Nettle - Nettles - Urtica dioica - Nettles - Urtica dioica Nettle - Nettles - Urtica dioica - Nettles - Urtica dioica

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(Urtica dioica)

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Nettle - Nettles - Urtica dioica - Nettles - Urtica dioica


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  • Family: Urticaceae
    Genus: Urtica
    Species: dioica
    Synonyms: Urtica galeopsifolia
    Common Names: Nettle, big string nettle, common nettle, stinging nettle, gerrais, isirgan, kazink, nabat al nar, ortiga, grande ortie, ortie, urtiga, chichicaste, brennessel, gross d’ortie, racine d’ortie
    Parts Used: Root, leaves

    From The Healing Power of Rainforest Herbs:

    Main Actions Other Actions Standard Dosage
  • reduces allergies
  • stimulates digestion
  • Leaves, root
  • cleanses blood
  • aids lactation
  • Infusion: 1 cup 2-3
  • reduces inflammtion
  • promotes menstruation
  • times daily
  • relieves pain
  • kills germs
  • Capsules: 2 g 2-3
  • stops hair loss
  • lowers body temperature
  • times daily
  • increases urination
  •   Tincture: 2-3 ml 2-3
  • stops bleeding
  •   times daily
  • dilates blood vessels
  • lowers blood pressure
  • heals wounds

    Nettle, or stinging nettle, is a perennial plant growing in temperate and tropical wasteland areas around the world. The plant has been naturalized in Brazil and other parts of South America. It grows 2 to 4 meters high and produces pointed leaves and white to yellowish flowers. Nettle has a well-known reputation for giving a savage sting when the skin touches the hairs and bristles on the leaves and stems. The genus name Urtica comes from the Latin verb urere, meaning 'to burn,' because of these stinging hairs. The species name dioica means 'two houses' because the plant usually contains either male or female flowers.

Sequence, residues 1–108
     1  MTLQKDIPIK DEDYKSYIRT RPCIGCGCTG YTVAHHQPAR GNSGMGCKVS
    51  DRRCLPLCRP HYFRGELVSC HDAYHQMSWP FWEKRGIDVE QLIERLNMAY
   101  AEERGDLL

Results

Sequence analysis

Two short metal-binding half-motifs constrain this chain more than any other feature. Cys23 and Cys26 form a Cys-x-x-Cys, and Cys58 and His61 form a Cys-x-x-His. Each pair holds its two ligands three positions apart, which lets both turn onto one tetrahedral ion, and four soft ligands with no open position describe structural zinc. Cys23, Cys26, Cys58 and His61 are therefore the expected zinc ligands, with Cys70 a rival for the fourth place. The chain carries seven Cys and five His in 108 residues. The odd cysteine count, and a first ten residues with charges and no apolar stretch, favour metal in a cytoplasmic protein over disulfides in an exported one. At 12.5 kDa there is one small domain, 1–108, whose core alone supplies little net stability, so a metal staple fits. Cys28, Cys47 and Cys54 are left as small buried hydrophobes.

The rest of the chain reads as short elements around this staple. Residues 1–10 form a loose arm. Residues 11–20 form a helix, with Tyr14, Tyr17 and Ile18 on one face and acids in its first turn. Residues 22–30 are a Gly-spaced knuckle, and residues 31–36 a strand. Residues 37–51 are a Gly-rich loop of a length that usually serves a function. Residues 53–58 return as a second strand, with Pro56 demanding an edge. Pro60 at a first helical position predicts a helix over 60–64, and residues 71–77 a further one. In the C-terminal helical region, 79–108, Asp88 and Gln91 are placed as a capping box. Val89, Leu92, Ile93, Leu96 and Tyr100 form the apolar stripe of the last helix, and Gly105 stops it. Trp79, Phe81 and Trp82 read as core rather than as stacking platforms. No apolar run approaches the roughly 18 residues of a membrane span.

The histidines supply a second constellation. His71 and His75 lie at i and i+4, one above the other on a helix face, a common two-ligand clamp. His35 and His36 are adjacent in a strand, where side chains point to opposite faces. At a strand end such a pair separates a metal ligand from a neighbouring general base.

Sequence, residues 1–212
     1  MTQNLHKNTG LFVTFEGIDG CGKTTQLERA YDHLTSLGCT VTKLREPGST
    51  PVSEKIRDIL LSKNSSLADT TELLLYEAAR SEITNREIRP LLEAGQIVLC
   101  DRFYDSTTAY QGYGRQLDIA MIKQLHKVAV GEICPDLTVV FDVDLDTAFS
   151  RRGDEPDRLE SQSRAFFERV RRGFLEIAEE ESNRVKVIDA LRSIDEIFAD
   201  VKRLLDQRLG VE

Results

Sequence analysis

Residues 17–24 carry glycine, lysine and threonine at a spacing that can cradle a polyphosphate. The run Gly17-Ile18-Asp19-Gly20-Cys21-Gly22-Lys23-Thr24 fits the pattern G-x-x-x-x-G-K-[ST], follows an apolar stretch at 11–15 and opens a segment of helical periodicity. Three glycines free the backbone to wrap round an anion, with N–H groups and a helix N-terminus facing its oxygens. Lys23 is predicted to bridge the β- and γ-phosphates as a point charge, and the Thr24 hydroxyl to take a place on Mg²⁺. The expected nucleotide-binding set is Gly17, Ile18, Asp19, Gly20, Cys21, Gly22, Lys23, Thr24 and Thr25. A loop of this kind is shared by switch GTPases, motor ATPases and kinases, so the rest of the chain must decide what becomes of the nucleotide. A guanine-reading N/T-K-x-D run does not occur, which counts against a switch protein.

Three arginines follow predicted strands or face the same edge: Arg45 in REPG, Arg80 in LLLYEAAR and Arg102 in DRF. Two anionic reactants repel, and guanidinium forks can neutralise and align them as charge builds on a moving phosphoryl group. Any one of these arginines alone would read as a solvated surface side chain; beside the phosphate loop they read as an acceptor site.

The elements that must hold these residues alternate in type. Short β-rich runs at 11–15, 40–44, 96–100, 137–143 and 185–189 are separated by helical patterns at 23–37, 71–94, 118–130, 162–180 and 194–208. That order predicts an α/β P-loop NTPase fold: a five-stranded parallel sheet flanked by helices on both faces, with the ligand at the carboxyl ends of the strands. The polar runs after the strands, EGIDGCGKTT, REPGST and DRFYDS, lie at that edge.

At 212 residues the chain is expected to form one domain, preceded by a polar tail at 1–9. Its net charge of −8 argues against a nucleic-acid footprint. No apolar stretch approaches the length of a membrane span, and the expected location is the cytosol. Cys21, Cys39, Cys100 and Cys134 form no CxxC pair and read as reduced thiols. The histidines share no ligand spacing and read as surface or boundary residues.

In folk medicine nettle plants have been used as a diuretic, to build the blood, for arthritis and rheumatism. Externally it has been used to improve the appearance of the hair, and is said to be a remedy against oily hair and dandruff.

    The plant has been widely used by herbalists around the world for centuries. In the first century, Greek physicians Dioscorides and Galen reported the leaf of nettle had diuretic and laxative properties and was useful for asthma, pleurisy and spleen illnesses. Bandages soaked in a leaf and stem infusion were used in early American medicine to stop the bleeding of wounds; an account of this use was recorded by Dr. Francis P. Procher, a surgeon and physician in the Southern Confederacy during the Civil War. Nettle leaves were also recommended as a nutritious food and as a weight loss aid by the famous American plant forager and naturalist, Euell Gibbons.